Jenkins joined the National Football League’s Atlanta Falcons in 2013 to oversee development of its new football stadium — and said he intends to use the sustainable practices developed through the Green Sports Alliance within that stadium and its operations once it opens in 2017.

If every team in major league baseball were to invest heavily in green operations, the alliance estimates they could save a combined $16.5 million per year.

“The last thing we want to do is put anything in the landfill,” Jenkins said during Innovation Takes Root 2014 in Orlando Feb. 19. “Do [baseball fans] know they have a compostable cup in their hands? Maybe, maybe not, but these are in everyday use and they don’t even think about it half of the time.”

Recycling and composting is not just a story from the more environmentally friendly regions of the northwest United States, however.

In Pittsburgh, the 38,362-seat PNC Park — home of the National League Pittsburgh Pirates — nearly doubled its plastics recycling in five years, going from 33 tons of recycled plastic in 2008 to 60 tons in 2013, said Sissy Burkhart, cleaning operations manager for the Pirates.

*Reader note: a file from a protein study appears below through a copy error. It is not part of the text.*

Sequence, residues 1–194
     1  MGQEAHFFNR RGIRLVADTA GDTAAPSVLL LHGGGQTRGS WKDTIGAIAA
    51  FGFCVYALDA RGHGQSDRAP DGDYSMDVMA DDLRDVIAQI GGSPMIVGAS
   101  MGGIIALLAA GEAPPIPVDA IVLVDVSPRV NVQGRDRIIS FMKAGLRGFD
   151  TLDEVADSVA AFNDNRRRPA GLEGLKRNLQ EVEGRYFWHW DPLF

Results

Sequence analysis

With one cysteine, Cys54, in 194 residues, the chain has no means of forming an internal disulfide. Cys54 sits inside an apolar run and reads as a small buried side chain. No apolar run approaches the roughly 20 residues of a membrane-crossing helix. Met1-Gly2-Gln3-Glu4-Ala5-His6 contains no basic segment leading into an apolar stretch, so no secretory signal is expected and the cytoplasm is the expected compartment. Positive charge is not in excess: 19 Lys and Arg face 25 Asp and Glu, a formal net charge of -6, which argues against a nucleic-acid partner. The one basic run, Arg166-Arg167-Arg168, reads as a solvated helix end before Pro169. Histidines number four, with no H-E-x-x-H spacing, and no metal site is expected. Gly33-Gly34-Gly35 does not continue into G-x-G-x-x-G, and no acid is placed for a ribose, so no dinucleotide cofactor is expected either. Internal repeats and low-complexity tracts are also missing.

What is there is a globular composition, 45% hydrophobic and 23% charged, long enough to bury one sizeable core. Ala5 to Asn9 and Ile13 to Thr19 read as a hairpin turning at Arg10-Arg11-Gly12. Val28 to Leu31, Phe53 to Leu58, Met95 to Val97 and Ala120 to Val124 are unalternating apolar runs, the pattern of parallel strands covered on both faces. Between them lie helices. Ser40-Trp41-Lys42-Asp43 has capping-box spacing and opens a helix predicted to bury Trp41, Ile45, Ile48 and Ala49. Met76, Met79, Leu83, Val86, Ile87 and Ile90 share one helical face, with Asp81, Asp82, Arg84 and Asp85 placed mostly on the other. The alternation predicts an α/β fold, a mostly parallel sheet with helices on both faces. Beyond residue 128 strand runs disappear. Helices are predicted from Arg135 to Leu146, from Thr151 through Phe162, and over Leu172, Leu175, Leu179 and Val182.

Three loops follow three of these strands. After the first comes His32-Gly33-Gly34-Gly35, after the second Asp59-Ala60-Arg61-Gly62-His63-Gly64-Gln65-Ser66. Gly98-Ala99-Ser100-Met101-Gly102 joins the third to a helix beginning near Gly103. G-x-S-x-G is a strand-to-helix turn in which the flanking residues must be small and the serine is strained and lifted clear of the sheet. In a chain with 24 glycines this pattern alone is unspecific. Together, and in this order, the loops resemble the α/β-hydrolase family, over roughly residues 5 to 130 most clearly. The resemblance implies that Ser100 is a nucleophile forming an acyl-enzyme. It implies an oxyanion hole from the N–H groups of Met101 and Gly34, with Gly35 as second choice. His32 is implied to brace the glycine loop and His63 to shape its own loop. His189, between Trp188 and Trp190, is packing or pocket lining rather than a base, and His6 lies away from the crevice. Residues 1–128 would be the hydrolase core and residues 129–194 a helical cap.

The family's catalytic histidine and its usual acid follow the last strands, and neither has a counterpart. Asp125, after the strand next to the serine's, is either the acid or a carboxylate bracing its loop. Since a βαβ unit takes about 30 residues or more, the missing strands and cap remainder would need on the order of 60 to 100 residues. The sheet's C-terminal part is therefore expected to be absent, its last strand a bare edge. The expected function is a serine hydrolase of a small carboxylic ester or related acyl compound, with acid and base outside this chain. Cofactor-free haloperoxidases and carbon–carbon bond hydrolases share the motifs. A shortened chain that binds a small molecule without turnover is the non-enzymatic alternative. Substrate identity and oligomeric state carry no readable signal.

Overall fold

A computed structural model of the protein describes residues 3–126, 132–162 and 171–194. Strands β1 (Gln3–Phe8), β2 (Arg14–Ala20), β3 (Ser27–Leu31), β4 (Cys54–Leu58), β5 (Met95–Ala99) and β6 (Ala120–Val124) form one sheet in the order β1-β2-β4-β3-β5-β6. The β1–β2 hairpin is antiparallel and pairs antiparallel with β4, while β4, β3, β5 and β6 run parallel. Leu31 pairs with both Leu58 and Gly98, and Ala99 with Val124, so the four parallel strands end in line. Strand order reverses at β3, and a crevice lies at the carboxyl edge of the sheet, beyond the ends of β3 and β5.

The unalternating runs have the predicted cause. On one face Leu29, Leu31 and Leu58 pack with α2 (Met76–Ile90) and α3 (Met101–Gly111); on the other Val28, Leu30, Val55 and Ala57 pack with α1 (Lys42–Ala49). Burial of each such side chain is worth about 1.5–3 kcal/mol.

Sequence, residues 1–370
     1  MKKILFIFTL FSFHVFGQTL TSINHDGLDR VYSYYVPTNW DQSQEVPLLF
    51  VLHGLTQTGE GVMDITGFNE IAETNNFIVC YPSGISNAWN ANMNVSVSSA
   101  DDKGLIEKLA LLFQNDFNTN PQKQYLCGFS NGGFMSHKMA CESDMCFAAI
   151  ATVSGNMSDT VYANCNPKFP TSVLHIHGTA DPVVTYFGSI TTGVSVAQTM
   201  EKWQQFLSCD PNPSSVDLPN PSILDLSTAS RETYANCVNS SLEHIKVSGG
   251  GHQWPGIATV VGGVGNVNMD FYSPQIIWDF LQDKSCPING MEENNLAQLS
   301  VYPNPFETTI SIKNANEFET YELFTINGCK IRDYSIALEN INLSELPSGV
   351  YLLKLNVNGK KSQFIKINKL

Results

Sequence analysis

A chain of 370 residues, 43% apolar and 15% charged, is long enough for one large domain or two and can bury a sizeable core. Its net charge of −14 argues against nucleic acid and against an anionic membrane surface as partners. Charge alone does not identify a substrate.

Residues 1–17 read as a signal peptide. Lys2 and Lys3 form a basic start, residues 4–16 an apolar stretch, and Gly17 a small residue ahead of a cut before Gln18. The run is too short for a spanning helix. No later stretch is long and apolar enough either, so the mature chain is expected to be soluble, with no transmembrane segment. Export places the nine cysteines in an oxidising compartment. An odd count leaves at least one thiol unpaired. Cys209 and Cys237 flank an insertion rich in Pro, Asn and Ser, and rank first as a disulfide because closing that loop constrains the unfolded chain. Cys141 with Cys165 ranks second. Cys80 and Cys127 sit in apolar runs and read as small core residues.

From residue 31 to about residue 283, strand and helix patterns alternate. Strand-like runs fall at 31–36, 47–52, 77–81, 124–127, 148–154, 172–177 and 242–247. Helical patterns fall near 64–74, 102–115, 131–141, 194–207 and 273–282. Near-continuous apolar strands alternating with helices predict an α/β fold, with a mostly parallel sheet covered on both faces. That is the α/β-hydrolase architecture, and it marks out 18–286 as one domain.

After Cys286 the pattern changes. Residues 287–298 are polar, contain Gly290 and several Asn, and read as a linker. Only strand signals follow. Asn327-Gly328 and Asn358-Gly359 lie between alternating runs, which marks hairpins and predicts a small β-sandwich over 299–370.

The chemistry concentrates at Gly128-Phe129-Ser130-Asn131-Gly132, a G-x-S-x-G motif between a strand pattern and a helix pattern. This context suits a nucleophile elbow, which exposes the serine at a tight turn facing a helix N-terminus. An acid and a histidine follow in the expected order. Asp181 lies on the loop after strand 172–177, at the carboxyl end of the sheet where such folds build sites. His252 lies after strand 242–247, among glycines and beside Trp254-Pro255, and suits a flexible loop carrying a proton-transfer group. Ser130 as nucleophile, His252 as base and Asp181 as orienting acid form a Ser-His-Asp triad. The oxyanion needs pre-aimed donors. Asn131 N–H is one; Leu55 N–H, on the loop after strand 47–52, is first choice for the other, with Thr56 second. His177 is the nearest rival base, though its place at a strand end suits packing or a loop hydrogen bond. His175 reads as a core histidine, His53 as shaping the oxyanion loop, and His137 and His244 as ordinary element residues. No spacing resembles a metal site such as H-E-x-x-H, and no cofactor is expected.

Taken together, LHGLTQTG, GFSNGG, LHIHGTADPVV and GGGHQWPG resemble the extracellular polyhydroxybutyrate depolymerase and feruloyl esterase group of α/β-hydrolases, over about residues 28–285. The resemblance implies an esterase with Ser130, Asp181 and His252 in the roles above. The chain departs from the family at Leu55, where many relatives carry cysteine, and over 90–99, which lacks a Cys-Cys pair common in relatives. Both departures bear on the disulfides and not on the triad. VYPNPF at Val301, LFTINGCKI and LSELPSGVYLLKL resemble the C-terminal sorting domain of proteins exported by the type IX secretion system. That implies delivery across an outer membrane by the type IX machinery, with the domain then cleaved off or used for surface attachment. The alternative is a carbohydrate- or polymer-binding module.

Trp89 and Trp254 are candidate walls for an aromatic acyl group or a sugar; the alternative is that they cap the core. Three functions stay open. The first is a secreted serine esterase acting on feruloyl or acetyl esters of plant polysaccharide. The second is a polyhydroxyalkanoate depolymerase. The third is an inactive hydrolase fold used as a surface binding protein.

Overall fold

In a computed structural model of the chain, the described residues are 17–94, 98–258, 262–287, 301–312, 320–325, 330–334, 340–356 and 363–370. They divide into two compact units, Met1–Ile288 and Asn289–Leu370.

“We had no set recycling policy before that,” she said. “Everything went to the landfill but cardboard boxes and wooden pallets.”

In 2013, the Pirates diverted 85 percent of its waste away from landfills. Burkhart has set a goal of 90 percent for 2014.

The right environment

In a sense, professional and university sports complexes are a perfect place for large recycling and composting efforts.

Nearly everything consumed in the park is purchased there. Food vendors contract with the stadiums, and coordinate deliveries and meals around those parks’ schedules.